Cubs

Roger Federer breaks the heart of Great Britain

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Roger Federer breaks the heart of Great Britain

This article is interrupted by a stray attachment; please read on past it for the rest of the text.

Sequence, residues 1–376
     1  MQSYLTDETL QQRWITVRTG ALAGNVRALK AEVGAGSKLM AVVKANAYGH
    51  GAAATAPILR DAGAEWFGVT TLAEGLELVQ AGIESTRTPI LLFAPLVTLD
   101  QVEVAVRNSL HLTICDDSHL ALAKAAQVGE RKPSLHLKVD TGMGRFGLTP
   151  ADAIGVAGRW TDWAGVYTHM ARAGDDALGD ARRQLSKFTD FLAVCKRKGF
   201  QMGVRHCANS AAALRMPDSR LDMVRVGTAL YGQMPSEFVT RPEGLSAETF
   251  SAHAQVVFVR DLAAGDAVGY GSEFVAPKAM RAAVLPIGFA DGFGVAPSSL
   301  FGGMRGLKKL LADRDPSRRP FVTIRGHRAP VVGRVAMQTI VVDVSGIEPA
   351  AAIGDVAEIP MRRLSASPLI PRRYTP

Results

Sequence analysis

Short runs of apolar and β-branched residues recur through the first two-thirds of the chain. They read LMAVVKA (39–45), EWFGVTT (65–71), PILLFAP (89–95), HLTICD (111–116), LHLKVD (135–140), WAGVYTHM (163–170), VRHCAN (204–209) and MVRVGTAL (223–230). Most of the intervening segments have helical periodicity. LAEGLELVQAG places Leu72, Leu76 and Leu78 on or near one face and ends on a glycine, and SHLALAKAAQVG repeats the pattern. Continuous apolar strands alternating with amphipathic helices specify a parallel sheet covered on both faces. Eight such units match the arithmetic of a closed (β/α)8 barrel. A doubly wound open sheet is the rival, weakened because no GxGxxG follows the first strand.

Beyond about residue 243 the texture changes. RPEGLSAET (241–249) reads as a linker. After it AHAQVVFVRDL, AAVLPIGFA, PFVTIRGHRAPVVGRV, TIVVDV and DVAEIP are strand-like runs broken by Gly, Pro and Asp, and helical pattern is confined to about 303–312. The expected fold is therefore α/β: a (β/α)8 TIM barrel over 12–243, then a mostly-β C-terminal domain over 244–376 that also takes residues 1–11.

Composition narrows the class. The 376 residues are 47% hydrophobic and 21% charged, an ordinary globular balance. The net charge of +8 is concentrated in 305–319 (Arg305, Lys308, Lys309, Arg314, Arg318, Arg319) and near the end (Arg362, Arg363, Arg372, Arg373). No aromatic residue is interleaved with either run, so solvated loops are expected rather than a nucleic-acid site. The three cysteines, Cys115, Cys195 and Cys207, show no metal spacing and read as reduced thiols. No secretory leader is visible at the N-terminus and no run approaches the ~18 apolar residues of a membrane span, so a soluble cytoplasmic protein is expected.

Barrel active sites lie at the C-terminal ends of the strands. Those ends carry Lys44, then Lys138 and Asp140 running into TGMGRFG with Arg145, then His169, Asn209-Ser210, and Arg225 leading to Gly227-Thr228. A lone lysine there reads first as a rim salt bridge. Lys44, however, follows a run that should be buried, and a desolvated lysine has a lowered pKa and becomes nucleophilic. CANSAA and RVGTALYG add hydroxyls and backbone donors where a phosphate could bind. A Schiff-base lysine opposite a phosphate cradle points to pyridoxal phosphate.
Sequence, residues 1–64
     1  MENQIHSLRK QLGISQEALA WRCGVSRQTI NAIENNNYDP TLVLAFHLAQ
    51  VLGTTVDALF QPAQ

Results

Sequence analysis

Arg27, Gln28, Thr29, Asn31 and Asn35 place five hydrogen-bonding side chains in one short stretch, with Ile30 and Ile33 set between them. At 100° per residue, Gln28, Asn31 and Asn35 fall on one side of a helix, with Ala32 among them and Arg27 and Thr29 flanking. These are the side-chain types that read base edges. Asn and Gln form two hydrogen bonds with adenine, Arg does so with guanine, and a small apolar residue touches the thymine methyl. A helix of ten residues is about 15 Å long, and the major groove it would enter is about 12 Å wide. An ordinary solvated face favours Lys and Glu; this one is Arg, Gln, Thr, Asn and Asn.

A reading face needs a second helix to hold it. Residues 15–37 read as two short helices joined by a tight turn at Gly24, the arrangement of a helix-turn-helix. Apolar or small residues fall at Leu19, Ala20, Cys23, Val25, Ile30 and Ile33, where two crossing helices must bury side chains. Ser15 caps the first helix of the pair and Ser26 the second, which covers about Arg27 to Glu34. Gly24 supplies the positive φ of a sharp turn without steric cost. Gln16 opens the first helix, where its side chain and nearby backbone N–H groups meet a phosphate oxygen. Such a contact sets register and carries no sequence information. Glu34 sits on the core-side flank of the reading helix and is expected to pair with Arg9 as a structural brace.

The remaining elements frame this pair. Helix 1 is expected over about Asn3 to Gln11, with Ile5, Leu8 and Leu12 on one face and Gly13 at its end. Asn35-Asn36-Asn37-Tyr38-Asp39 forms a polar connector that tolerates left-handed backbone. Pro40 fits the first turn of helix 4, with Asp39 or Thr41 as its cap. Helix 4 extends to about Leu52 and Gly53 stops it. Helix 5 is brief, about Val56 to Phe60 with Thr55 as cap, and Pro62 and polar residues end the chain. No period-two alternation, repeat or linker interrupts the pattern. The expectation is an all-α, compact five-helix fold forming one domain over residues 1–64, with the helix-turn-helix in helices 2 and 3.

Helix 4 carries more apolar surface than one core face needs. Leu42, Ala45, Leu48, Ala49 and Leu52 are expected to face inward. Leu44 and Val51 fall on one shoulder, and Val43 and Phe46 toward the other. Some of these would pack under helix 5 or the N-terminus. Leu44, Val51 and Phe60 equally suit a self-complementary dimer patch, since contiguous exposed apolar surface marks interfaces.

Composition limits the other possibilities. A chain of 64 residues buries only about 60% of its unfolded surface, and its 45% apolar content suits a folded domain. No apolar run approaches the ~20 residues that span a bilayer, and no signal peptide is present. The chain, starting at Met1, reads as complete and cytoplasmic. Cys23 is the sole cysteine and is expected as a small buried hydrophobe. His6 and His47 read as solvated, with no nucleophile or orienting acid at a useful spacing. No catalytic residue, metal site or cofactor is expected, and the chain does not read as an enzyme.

From Comcast SportsNet